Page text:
Peter Caty/The Mirror

Where does all the heat on campus come from?  The answer lies in a not so well known building on campus.  It is located between the Fairfield Prep and Grauert Field and it is called the Central Utility Facility (CUF).

In this building, there are around 15 engineers, mechanics and plumbers that, according to the University website, “Are responsible for all heating, cooling, electrical, plumbing, and water distribution systems, controls, and related services on campus.”  Although you may have never even noticed this building, it is the heart of campus. It is the force that allows the campus to be inhabited.

However, the facility is not any regular power plant. It is a state-of-the-art system that provides nearly all the campus’ electricity and utilizes the waste heat that is generated through this process in order to supply heating or cooling to all of the campus buildings connected to the main campus loop.

The electric plant itself generates an average of 4200 kW of energy.  This is comparable to running over 120,000 fluorescent lights.  This amount of energy is able to keep all campus functions powered.  In a normal facility, the waste heat generated by the production of electricity would be lost in the air.

But in the Central Utility Facility, the waste heat is captured and is pushed through heat pumps and coils until it is fully recycled and ready to be transported through underground ducts throughout campus.  The waste heat also heats the hot water used on campus.  The facility is best utilized in the cold winter months because this is when 100% of the waste heat is put through the recycling process.

Although the Central Utility Facility was originally completed in 1970, the co-generation system was not commissioned until 2007.  The concept arose in 2005 as a result of deregulation and high-energy costs.  In addition, the particular unit that the University designed would have an enormous carbon reduction effect.  Originally designed by United Technologies, the project itself cost the University about $10 million.

United Illumination (UI), which provides electricity for around 324,000 residents in the greater New Haven and Fairfield areas, provided the University with a $2.3 million grant to aid in the funding of the project.  Since then, the project has already paid for itself.  According to William Romatzick, the manager of Energy Controls and Plant Systems, the University saves around $130,000 each month when utilizing this superior technology.  So what does this mean for the students? Romatzick said, “This system allows the University to keep tuition rates lower.  Without it, tuition would be significantly higher.”

The facility isn’t a flawless system, though.  Power outages have occurred in the past. According to Romatzick, this is “usually due to a mechanical switch failure as a result of importing more energy than the system’s capacity.” Other than that minor setback, the facility is also prepared to handle emergency situations.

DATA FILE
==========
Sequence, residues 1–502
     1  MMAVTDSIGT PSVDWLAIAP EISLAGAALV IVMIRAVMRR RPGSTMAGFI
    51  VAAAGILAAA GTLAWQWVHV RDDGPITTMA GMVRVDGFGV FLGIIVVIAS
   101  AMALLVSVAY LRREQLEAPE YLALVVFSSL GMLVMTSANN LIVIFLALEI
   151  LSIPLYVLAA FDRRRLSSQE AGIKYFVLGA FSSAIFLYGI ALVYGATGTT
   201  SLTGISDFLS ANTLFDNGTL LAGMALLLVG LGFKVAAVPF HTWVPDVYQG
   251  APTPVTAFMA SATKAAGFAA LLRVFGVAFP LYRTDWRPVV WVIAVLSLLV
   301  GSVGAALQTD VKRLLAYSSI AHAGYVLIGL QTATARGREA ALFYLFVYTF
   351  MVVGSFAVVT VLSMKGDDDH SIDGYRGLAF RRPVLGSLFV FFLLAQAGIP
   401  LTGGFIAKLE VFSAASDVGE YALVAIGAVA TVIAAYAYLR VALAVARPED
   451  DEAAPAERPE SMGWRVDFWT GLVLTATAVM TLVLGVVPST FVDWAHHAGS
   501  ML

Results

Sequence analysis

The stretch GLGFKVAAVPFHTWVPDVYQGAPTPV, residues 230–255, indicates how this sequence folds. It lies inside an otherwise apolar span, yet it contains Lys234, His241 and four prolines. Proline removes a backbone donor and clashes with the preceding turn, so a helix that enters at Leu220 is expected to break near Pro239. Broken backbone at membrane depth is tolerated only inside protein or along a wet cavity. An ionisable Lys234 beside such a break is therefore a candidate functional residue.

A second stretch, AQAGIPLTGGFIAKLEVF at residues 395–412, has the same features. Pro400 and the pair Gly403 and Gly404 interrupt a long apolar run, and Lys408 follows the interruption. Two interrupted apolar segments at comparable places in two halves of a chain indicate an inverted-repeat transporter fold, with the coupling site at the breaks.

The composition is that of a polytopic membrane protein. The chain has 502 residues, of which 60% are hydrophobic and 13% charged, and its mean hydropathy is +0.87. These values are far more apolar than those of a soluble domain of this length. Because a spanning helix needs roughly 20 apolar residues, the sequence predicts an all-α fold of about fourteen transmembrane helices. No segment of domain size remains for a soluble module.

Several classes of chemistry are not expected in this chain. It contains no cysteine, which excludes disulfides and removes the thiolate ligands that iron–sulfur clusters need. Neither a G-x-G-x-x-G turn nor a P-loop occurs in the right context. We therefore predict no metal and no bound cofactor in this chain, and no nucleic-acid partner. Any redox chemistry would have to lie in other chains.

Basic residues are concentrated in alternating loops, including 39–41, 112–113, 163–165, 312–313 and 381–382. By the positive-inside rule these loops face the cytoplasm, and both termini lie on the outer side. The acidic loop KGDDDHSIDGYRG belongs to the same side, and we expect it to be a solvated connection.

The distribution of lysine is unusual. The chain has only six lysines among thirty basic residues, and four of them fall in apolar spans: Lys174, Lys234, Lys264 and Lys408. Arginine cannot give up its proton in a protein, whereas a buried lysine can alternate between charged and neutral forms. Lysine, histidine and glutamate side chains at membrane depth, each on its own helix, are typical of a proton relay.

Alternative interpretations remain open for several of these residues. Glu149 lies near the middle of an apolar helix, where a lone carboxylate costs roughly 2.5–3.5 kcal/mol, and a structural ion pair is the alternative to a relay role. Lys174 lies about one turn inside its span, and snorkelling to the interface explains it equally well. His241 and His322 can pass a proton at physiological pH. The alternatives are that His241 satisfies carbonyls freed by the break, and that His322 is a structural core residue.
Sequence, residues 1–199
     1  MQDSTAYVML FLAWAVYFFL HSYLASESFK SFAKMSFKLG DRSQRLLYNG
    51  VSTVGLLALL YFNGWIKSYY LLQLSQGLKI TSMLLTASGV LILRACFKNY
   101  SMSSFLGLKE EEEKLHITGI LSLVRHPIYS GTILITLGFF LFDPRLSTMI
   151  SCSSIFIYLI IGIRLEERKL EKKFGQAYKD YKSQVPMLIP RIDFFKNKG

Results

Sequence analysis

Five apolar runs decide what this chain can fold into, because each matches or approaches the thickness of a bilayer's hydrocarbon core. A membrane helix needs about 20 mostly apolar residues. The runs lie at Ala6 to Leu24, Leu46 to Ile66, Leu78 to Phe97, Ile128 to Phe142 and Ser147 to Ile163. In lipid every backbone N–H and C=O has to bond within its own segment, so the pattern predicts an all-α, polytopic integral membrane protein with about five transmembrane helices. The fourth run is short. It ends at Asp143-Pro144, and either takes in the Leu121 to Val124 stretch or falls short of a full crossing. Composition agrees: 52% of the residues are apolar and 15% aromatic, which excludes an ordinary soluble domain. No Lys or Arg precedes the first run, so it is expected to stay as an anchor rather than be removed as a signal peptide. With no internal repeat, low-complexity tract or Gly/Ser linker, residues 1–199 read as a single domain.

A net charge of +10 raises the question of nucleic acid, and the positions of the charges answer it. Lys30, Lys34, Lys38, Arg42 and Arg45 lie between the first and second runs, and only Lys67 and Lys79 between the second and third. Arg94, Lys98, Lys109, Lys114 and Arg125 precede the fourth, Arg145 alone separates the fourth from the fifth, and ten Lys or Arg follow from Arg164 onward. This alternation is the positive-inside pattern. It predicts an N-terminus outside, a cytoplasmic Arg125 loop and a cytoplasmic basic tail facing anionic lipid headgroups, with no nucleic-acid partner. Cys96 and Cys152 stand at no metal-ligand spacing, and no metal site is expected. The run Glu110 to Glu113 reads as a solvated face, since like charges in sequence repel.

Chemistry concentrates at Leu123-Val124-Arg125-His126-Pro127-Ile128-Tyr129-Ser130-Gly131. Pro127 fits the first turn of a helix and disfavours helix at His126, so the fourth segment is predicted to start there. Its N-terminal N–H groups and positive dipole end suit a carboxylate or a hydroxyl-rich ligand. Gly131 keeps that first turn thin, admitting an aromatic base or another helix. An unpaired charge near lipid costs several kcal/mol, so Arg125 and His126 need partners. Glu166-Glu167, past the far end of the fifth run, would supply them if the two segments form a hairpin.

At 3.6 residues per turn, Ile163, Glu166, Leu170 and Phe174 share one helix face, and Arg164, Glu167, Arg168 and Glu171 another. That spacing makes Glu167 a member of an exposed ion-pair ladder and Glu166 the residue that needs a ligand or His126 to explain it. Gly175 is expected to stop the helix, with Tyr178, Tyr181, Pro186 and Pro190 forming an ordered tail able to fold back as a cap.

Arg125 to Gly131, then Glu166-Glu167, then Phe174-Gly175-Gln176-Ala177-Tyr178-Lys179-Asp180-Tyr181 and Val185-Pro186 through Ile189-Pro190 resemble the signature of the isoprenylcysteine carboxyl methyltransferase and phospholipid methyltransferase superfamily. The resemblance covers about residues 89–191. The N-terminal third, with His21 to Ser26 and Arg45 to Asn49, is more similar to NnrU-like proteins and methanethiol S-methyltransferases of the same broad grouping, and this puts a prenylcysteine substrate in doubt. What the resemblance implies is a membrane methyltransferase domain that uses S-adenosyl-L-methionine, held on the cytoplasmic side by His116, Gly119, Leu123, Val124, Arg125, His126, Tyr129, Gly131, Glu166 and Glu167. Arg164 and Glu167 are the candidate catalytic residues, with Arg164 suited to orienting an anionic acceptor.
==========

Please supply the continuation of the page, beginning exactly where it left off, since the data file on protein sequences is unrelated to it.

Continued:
In fact, the plant is equipped to handle large groups of people in the event of a natural disaster. For this event, the plant could power cafeterias or whatever else was needed. In addition to this, the facility is also ready for a backup plan in the event that the building itself fails. UI would be able to effectively power the campus in this unlikely event. Under these terms, the University is required to constantly import and purchase at least 100 kW from UI.

Another interesting feature of the facility is its ecological footprint.  In addition to saving energy on heating, the plant is noted and praised for its low carbon footprint. Romatzick claims that Fairfield has reduced carbon emissions by ten metric tons.  The plant was the first co-generation system of its type built in the east coast.  Currently, there are only five other similar systems operating in the northeast region.

Dr. Clement Anekwe, Professor of Mechanical Engineering, praises the Central Utility Facility.  “The use of a cogeneration plant is important for an establishment like Fairfield University because the unit cost of energy is much lower than the unit cost from the utility companies.”  He added, “This is because in a co-generation power plant, energy that would have been lost in a conventional power plant is recovered and then used for other purposes such as domestic water heating.”

So then, why aren’t schools, hospitals, and businesses lining up to get their own co-generation plant?  Anekwe believes that “Lack of information and affordable initial capital to construct the plant might be the problem.”

“Utility companies and the government should do a better job in presenting data and other information to schools and large businesses with regard to the long-term economic and environmental benefits of institutional cogeneration power plants.  In addition the government can assist these institutions in obtaining loans at low interest rates for cogeneration power plants.”  In our specific case, the university was able to use the prime conditions to their advantage.

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